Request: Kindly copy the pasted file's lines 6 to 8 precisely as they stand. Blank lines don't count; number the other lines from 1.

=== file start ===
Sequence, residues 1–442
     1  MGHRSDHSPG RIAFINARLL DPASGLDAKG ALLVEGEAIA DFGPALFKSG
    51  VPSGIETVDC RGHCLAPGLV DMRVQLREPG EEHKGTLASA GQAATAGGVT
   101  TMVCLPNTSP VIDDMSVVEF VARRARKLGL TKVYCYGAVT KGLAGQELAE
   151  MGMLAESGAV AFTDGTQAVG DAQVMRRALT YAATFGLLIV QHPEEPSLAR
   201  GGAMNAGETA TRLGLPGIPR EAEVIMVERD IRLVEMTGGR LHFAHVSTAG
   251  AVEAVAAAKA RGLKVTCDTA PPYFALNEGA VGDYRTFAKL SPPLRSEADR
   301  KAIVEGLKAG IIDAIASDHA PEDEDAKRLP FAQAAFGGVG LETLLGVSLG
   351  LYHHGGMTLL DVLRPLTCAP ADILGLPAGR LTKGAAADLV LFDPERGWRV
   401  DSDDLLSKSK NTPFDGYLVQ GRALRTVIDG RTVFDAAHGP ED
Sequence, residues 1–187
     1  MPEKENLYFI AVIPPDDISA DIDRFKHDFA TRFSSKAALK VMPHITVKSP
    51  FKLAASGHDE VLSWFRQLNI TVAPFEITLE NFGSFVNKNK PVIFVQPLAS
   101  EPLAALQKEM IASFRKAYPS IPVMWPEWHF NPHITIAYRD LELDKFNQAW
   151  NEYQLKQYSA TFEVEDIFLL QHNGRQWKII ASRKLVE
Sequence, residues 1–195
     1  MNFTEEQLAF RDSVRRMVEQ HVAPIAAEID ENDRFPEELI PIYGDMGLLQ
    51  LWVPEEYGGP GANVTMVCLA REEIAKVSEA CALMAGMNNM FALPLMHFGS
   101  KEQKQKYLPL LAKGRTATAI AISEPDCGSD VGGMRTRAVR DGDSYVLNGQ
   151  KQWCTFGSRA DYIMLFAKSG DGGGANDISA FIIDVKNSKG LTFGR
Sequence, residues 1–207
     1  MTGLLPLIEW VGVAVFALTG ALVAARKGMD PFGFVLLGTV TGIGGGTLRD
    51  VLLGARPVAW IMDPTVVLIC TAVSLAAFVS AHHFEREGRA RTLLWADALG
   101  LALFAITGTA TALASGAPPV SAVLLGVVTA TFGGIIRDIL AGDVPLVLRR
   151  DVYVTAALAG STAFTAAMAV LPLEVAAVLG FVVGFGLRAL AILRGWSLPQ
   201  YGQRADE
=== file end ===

   201  GGAMNAGETA TRLGLPGIPR EAEVIMVERD IRLVEMTGGR LHFAHVSTAG
   251  AVEAVAAAKA RGLKVTCDTA PPYFALNEGA VGDYRTFAKL SPPLRSEADR
   301  KAIVEGLKAG IIDAIASDHA PEDEDAKRLP FAQAAFGGVG LETLLGVSLG